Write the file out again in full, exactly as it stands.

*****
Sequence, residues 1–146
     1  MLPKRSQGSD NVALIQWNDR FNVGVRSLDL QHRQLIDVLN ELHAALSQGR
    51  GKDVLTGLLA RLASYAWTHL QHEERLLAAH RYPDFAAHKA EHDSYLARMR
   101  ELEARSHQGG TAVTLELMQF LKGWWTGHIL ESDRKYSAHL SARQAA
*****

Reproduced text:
Sequence, residues 1–146
     1  MLPKRSQGSD NVALIQWNDR FNVGVRSLDL QHRQLIDVLN ELHAALSQGR
    51  GKDVLTGLLA RLASYAWTHL QHEERLLAAH RYPDFAAHKA EHDSYLARMR
   101  ELEARSHQGG TAVTLELMQF LKGWWTGHIL ESDRKYSAHL SARQAA